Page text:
Anyone concerned with democratic principles must view the existence of the British House of Lords as an affront. This unelected second chamber, which dates back to feudal times, consists mainly of hereditary peers. Its abolition has long been regarded as an essential component of any struggle for a more just, egalitarian society.
Yet last month Prime Minister Tony Blair negotiated a secret deal with the then Tory leader in the Lords, Viscount Robert Cranborne, that will preserve a large hereditary component within Britain's government into the next Millenium. This allows 91 hereditary peers--one-tenth of the total number of peers--to retain voting and speaking rights during the first phase of the chamber's long-awaited reform, with another 16 to remain as officials alongside the existing Life Peers. According to the present proposals, Blair--who as prime minister has the power to appoint Life Peers--will then make 50 such appointments to bring Labour's numbers in the Lords into line with the Tories.
Labour's 'challenge' to the hereditary principle is so farcical that it not only won the overwhelming support of the Lords, but of the monarch herself. Blair has been in secret discussions with the Crown for months and promised Her Majesty that the measures would have no impact on her own considerable privileges and role as head of state.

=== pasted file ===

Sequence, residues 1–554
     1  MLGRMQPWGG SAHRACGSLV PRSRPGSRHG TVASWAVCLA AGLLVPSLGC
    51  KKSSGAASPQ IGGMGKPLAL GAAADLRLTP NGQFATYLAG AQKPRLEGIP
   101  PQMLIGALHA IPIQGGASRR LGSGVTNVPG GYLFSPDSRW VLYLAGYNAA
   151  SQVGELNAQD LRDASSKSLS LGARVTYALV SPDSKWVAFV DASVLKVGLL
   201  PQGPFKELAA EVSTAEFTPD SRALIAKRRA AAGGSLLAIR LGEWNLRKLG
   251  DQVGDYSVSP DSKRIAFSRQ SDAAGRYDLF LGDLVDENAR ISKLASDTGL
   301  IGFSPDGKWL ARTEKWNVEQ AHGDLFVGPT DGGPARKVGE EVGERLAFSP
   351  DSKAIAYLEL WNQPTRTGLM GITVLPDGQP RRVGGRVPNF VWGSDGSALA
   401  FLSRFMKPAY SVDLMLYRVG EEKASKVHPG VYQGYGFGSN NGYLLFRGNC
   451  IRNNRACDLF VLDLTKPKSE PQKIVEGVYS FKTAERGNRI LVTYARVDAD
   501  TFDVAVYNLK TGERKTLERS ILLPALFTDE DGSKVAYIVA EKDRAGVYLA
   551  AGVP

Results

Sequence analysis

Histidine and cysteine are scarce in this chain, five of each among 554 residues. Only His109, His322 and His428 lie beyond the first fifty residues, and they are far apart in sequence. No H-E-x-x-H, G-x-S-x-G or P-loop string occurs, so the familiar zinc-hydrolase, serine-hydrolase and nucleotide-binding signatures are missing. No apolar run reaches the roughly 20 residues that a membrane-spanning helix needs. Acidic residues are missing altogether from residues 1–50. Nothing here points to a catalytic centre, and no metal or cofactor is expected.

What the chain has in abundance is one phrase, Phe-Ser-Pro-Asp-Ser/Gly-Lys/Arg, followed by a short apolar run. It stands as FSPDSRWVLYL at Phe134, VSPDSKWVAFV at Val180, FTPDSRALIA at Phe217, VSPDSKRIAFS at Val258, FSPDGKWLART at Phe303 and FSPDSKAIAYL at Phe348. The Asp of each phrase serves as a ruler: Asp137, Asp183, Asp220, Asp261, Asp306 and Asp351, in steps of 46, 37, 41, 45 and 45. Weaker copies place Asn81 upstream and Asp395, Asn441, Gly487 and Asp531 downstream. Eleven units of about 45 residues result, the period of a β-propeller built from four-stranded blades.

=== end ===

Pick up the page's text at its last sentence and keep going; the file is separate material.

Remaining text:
The immediate outcome of this subterfuge is the creation of a largely appointed second chamber, whose composition will be determined by political patronage.
Constitutional changes were a major part of Labour's 1997 election manifesto. Two factors motivated this commitment. It enabled Labour to posture as a 'radical' alternative to the Tories, despite its appropriation of much of the latter's social and economic policies. Blair claimed that his constitutional measures would extend democracy to 'the people' and ensure that the Tory party could never again dominate British government for so long.
This met up with widespread, though politically inchoate, demands for change by working people at the time of the last general election. Almost two decades of job losses and attacks on welfare provisions produced a degree of social inequality not witnessed this century. Increasingly, Parliament and its second chamber were seen as a Tory institution in league with big business against ordinary people.